Nelson started to play rock & roll as a teenager in Los Angeles in the 1950s, forming a group that included Jan Berry, Dean Torrence, and Bruce Johnston, all of whom would be important to the surf and hot rod scenes a few years down the line. By the late '50s he was playing sessions, including drums on the Teddy Bears' chart-topper "To Know Him Is to Love Him." After his "Teen Beat" became a hit for Original Sound in 1959, he signed with Imperial as a solo artist, and continued to work as a session musician. For instance, he's heard on Gene Vincent records of the time, as well as the Hollywood Argyles' big hit "Alley Oop," on which he also did some screams. Nelson's numerous solo albums, despite the assistance of top fellow sessioneers like Steve Douglas (sax), Ernie Freeman (piano), and Rene Hall (guitar), had a lot of basic and unimaginative instrumental rock, whether original material or covers of well-known hits of the day. As with Duane Eddy's recordings, however, these simple albums might have helped inspire aspiring musicians as things to play along and learn with, if nothing else.
Near the end of 1963, Nelson was involved in a serious motorcycle accident that necessitated amputation of his right foot and part of his leg. Nonetheless, he managed to resume his drumming career and continued to churn out albums, as well as some singles, of which "Casbah" (1965) is the highlight, with its wild splashing drums and frenetic Middle Eastern/surf guita
Golden Hits & The Best Of The Beats (1997)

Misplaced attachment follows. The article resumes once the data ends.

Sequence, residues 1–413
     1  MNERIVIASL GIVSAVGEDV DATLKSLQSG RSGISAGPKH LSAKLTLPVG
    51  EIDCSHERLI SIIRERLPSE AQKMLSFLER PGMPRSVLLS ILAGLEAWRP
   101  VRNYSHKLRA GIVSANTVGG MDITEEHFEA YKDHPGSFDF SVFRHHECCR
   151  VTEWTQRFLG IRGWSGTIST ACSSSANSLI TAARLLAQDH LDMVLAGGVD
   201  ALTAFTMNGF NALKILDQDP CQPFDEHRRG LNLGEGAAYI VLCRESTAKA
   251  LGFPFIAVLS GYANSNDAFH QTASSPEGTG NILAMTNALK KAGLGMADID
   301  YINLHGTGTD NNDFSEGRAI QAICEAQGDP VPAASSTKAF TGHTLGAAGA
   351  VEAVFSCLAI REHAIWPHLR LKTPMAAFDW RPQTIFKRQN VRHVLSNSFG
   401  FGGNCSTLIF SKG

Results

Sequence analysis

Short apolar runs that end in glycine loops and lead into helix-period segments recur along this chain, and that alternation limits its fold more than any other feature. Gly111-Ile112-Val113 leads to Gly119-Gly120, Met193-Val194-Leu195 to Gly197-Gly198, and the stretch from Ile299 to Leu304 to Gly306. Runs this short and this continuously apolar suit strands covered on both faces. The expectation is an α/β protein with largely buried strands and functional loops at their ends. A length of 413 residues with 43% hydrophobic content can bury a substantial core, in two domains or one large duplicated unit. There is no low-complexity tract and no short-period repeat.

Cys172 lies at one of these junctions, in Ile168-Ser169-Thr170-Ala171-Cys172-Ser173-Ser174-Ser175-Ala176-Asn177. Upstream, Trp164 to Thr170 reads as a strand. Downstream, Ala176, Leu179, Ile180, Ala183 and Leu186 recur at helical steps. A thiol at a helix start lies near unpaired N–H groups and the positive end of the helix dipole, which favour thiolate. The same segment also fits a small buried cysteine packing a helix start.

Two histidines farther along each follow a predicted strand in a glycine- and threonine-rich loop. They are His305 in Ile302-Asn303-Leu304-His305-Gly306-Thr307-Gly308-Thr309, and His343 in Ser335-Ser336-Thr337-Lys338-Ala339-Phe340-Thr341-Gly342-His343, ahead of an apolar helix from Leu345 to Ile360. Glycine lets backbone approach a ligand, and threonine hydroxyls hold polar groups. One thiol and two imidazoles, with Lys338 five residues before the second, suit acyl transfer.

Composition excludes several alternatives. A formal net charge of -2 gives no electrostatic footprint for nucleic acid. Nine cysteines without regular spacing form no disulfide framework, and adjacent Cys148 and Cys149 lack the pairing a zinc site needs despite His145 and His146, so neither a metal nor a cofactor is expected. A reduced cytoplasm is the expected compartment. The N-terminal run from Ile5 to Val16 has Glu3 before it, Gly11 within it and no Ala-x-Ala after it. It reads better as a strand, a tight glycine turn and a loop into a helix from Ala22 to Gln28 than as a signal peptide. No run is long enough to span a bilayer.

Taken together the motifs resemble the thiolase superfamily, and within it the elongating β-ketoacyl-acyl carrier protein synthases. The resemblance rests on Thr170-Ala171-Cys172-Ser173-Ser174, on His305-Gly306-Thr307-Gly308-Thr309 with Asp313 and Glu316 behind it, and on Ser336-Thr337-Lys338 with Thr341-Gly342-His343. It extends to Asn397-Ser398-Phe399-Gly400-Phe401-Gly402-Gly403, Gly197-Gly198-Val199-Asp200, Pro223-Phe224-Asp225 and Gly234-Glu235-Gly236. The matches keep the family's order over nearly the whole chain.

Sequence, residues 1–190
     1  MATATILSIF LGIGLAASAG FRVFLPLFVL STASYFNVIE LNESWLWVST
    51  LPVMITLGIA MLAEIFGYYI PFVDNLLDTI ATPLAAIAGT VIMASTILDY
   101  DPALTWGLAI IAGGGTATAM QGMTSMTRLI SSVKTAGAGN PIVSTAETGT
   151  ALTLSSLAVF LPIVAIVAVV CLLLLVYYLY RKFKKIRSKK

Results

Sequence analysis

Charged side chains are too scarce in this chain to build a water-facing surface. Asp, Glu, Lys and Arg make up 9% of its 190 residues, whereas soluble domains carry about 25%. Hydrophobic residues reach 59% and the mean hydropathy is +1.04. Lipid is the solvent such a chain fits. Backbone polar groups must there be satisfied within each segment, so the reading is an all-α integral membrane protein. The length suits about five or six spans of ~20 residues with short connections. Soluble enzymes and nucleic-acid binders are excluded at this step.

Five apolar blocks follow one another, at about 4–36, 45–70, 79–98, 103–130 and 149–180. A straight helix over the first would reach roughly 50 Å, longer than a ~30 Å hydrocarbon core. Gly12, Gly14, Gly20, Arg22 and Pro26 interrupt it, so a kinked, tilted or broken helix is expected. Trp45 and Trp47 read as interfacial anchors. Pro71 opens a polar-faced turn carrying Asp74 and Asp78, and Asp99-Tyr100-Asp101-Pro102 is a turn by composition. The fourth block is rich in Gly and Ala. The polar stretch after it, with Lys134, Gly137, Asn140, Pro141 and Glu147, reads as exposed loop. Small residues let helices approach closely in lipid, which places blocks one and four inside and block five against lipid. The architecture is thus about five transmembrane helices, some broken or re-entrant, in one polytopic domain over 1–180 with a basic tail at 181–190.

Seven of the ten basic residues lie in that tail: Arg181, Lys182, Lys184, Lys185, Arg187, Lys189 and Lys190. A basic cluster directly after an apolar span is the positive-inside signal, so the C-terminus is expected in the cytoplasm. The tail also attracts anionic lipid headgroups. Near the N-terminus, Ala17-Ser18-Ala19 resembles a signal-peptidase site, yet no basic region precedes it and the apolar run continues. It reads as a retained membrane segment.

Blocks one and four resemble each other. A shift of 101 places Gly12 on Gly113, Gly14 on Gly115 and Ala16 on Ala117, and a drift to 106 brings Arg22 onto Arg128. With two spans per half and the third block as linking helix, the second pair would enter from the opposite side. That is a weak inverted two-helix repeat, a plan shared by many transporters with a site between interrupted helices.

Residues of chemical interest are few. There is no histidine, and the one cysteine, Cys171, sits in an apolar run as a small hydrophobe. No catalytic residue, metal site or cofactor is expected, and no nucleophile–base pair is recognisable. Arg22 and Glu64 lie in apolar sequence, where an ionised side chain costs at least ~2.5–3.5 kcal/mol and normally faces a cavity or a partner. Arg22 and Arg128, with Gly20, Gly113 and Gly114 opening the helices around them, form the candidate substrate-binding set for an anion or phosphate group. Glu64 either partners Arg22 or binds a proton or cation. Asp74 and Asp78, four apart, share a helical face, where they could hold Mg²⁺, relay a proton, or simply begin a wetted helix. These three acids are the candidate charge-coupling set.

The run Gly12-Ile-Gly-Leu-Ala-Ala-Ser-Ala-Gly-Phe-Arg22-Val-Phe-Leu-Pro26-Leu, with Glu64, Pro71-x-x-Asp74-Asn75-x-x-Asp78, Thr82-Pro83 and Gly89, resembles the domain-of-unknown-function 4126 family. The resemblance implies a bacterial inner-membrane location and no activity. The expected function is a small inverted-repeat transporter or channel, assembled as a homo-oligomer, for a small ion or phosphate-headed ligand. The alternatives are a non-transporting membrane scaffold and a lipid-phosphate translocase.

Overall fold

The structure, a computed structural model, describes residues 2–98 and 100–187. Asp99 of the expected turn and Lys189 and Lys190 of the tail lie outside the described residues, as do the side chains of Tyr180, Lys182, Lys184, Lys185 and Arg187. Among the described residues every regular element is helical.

Although their titles seem to suggest best-of compilations, both Golden Hits and Best of the Beats are simply two more entries in a long line of Sandy Nelson records cut in response to the chart blockbusters of the moment. These LPs live or die on their relative compatibility with Nelson's strengths and sensibilities, and each of these 12-song efforts is a significant cut above average thanks to the inclusion of several R&B classics that afford the drummer the chance to cut loose. (Their similarities also make them more compatible than many of the pairings on See for Miles' other Sandy Nelson two-fers.) Nelson clearly savors the verve and creativity of Golden Hits covers like Wilbert Harrison's "Kansas City," Bill Doggett's "Honky Tonk," and Fats Domino's "Walking to New Orleans," and his drum solos exhibit an unusual finesse, complementing the melodies instead of overpowering them. The Best of the Beats is even better. The loosey-goosey energy of the New Orleans party classics "Ooh Poo Pah Doo" and "Mother-in-Law" proves particularly well matched to the chaotic abandon of Nelson's rhythms, and he also captures the Latin-flavored verve of the Ritchie Valens hits "Let's Go" and "La Bamba." Best of all are the back-to-back Elvis Presley covers "All Shook Up" and "Don't Be Cruel," which pay implicit homage to D.J. Fontana, the King's longtime sideman and arguably the first truly great rock & roll drummer.